At the end of the day, frugal living isn’t just about saving money – it’s part about learning and practising superior money management skills so you can live a good life.

Lesson: Improve your financial decisions so that your money is working in your best interest, not the other way around. 

You can find contentment and happiness

For most people around the world today, achieving true and complete happiness is a major life goal.

Sure, not many of us truly know what will make us happy, but it’s been widely reported and studied that contentment is one of the keys to happiness.

When you are content, your happiness does not depend on others or your worldly possessions, but on what you feel from within. It’s not about relying on external validation or physical means, but on what your inner soul tells you.

Living a frugal life is one way to learn contentment.

Because you are not living paycheck to paycheck or constantly chasing after the latest new trend, you tend to be more at ease and happy by just being with yourself.

Don’t live paycheck to paycheck or constantly chase after the latest new trend.

People who are frugal havehey learned to improve their mindset and their circumstances. They choose to spend only on things that bring meaning and joy to their inner soul.

Lesson: Choosing to spend your money on worthwhile things takes conscious effort.

It fosters creativity and innovation

Let’s say you can only spend S$100 on food, gas and other necessities this week. How will you do it?

Being frugal pushes you to think beyond your comfort zone and your usual boundaries. If you were so used to spending a lot in a certain week, being frugal will force you to think of creative ways to spend so that you can still fulfill your necessities without going above your budget.

Anyone can spend with a limitless budget, but only frugal people are selective enough with their purchases. These folks go the extra mile to research alternatives to the items they need. This could sometimes manifest as endless garage sale visits, buying during massive knockdowns and sales, or reusing and recycling items. Living frugally will teach you how to look for cheaper alternatives.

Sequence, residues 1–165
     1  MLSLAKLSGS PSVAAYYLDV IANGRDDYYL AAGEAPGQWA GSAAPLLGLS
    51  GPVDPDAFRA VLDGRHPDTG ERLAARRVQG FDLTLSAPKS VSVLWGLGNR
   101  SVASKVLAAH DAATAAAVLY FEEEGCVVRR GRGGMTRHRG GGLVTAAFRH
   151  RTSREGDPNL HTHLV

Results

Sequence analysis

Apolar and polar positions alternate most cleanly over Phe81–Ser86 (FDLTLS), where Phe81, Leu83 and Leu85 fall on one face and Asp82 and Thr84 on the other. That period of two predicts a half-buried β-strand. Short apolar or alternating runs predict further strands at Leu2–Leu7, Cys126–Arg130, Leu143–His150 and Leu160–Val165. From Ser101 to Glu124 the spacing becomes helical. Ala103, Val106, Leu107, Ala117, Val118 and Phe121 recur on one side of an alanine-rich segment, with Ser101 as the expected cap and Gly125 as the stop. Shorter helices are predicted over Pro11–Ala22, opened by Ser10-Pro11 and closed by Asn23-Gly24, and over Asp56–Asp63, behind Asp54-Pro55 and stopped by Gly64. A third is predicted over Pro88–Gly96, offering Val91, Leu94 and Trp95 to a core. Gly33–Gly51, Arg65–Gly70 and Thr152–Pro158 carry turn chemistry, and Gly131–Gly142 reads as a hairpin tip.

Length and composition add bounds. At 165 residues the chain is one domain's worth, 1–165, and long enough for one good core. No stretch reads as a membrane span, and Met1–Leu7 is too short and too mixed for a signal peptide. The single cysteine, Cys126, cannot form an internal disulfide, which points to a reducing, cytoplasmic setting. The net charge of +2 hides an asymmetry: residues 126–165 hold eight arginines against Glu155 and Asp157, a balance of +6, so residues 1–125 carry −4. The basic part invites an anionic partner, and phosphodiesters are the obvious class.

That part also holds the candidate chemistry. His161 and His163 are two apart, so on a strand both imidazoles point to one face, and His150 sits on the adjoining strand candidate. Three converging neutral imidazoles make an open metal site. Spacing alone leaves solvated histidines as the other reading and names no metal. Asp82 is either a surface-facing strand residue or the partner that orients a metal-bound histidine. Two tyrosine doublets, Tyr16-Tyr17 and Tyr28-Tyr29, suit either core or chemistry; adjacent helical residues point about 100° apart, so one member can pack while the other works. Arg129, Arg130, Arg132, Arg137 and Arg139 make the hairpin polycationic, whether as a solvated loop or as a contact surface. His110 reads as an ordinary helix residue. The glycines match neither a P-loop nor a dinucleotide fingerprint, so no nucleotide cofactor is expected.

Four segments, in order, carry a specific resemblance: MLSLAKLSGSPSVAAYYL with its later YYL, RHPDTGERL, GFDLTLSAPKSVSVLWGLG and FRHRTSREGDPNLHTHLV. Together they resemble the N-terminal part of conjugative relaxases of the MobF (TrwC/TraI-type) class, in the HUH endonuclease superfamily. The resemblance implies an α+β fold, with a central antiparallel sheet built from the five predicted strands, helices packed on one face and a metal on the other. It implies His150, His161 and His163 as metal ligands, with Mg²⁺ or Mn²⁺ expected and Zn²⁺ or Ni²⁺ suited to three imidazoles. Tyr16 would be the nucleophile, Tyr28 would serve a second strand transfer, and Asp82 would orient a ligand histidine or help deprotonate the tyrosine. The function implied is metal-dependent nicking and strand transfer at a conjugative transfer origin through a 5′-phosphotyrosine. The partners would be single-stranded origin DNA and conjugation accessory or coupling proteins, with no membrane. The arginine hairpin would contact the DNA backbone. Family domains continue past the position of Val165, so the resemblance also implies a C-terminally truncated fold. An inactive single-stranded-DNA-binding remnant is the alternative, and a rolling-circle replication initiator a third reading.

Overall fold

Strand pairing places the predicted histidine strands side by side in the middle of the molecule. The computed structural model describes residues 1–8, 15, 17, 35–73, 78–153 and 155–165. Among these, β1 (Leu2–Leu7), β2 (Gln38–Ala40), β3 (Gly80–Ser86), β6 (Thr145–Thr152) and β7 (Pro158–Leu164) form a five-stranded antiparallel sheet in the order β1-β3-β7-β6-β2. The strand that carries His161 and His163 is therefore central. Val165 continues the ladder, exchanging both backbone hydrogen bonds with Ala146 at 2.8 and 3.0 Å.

Before making any purchase, always think about whether that item is something you can make from scratch, is something that is already on hand, or is something that you can just pick up at a thrift store for a cheaper price. It takes more effort – and thinking – to be frugal, but it also helps develop your creativity.

Lesson: Being creative with how you spend will help you find ways to spend less, and it also pushes you to think outside of your usual mind frame.  

It reduces a big stress on your life

One of the biggest gains of living a more frugal life is that it helps reduce your overall stress.

Let’s be frank, the world is already stressful as it is, from the pandemic to thinking about paying off your debt, to managing your boss at work. It’s a tough world out there.

But to add to the mix, everybody has money worries—even people who have a lot of it.

Everybody has money worries—even people who have a lot of it.

In Singapore, money is the number one source of stress, especially among millennials. About 53% of Singaporeans say that money is the top source of stress in their lives, with that number increasing to 63% for millennials.